Contracts and teaching hours key areas where women lose out in academia

Important professional networks tend to be highly gendered

The recent news that Waterford-born academic Prof Louise Richardson is set to become the first woman to lead the University of Oxford came on the same day that the Higher Education Authority announced a review of gender equality policies in Irish universities to promote more women in leadership roles.

It is evident that higher education in Ireland has much to do in this regard and now a major study on the academic profession here throws much-needed light on the real profile of the female academic in Irish higher education. It is part of a larger European study of the academic profession and, as suspected, it has found that the academic workforce remains dominated by men.

More than two-thirds (69 per cent) of senior academics in the study were male and less than one-third (31 per cent) female. Nine per cent of academics at professor level were male and 2 per cent were female. Women are far more likely to hold part-time and fixed-term appointments. A higher proportion of males (76 per cent) had permanent tenured contracts compared with their female colleagues (66 per cent).

Professional networks are very important for academics in terms of promotion, securing research funding opportunities and career development. These networks tend to be highly gendered, with women experiencing greater difficulty than their male colleagues in establishing and maintaining high-level network ties.

A higher proportion of male academics served as members of national or international scientific committees, boards or bodies; (55 per cent vs 44 per cent) engaged in peer reviewing, (76 per cent vs 59 per cent) and acted as editors of a journal or book series (28 per cent vs 17 per cent). This type of involvement allows academics to tap into wider international and national research funding opportunities.

Institutional affiliation

It emerged from the study that women viewed their institutional affiliation as being very important, compared with their male colleagues. A higher proportion of female respondents (72 per cent) considered their institution as being important or very important compared with their male colleagues (62 per cent). Despite this female academics did not feel that they exerted influence at departmental or at faculty level.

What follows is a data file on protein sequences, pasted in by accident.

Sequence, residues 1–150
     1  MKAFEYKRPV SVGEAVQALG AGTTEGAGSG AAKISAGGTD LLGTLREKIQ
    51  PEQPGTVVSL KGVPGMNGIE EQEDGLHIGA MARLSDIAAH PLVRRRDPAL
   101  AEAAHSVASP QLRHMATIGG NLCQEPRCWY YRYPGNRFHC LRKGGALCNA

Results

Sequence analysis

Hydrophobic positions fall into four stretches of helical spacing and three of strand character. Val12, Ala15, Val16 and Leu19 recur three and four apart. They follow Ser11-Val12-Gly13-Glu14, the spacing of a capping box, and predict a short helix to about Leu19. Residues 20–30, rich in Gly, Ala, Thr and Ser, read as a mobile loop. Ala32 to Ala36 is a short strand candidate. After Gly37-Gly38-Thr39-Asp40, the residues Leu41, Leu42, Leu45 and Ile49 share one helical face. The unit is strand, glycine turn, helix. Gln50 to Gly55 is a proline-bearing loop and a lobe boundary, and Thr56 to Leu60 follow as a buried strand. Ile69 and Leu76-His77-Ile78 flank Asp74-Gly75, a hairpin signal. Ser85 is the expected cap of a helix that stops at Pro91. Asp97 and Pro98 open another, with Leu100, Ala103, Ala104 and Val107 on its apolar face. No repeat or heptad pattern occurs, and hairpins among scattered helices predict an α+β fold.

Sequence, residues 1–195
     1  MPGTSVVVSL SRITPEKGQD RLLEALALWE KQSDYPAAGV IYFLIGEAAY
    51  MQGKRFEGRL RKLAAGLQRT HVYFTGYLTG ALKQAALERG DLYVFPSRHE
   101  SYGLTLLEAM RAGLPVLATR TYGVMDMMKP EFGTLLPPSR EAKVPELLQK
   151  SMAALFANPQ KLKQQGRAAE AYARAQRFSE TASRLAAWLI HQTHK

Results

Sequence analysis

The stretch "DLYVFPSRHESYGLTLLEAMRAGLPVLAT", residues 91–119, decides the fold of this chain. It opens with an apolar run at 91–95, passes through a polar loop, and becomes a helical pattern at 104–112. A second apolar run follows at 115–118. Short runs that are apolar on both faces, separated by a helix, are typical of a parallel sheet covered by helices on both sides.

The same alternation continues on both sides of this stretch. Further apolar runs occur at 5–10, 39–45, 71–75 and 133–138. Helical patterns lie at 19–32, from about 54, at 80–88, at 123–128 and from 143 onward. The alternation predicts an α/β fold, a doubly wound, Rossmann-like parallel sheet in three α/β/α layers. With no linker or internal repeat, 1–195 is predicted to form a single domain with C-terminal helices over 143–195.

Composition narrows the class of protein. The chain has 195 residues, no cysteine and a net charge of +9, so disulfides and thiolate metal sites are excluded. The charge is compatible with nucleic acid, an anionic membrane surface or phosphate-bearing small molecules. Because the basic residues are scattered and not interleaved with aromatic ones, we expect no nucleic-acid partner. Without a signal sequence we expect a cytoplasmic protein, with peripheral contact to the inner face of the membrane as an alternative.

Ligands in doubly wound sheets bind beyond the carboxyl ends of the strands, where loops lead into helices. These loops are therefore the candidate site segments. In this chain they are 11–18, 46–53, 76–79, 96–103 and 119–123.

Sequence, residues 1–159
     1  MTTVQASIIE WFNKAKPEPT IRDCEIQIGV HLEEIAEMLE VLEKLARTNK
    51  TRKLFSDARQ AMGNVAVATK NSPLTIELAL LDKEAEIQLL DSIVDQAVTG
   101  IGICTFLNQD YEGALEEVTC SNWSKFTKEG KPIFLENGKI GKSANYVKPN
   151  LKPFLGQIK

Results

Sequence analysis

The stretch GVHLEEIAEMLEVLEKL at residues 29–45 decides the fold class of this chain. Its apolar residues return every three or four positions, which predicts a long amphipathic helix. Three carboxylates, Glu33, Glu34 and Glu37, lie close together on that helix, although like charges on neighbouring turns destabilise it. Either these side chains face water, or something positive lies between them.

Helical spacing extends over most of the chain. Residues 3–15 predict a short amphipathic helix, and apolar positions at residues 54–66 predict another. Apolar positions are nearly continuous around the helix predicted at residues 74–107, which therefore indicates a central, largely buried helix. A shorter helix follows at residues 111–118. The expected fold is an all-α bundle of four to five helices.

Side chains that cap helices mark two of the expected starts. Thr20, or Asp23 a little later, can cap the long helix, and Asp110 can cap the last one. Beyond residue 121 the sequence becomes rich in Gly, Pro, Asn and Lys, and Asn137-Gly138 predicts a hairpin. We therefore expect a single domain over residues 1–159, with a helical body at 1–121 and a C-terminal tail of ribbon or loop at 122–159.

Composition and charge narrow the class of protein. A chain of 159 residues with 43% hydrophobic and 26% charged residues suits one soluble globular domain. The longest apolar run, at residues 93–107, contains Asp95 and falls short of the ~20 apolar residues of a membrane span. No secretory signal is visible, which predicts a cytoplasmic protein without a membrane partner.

Male respondents (58 per cent) indicated that they were somewhat or very influential in shaping academic policies at school or department level compared with less than half (49 per cent) of their female colleagues. Just over one in four males (26 per cent) indicated that they were somewhat or very influential in shaping academic policies at faculty or college level compared to just one in five (20 per cent) of their female colleagues.

In light of this data a number of issues must be addressed by higher education institutions. These include the issue of employment contracts and a recognition of teaching as an important element of career progression. Female academics in line with their male colleagues should have the same opportunities to work with doctoral students. This can be facilitated at department level.

Having access to national and international networks is a very important part of the academic career. This requires time to attend conferences and network meetings. There is a clear need at institutional level to develop structures that will support female academics becoming engaged in these activities. This in turn will provide opportunities to facilitate publications with national and international colleagues.

Institutions need to explore with female academics why they find it difficult to become principal investigators on research projects. Impediments that exist in relation to such a time-consuming activity for all academics should be addressed, particularly with reference to the onerous administrative and bureaucratic requirements.


Women are clearly committed to the institutions that they serve. Yet they do not feel that they exert influence at departmental, faculty or in the wider institutional context. It should be a priority for management in higher institutions to investigate and address the reasons why this might be the case.

Academics are influenced by their organisational settings, and the professional and social networks that emerge in this context. If we really want to address gender imbalance in higher education, this study suggests that root and branch measures are required.

We need to look at the deep culture of universities and the division of labour within departments. We must not, in a passive way, allow gendered patterns to be reproduced as they so frequently are in domestic and other settings.

The study The Academic Profession in Ireland is authored by Marie Clarke, Jonathan Drennan, David Harmon, Abbey Hyde and Yurgos Politis.

Dr Marie Clarke is a senior lecturer and former head of the School of Education in University College Dublin. She has been a member of UCD Governing Authority since 2009.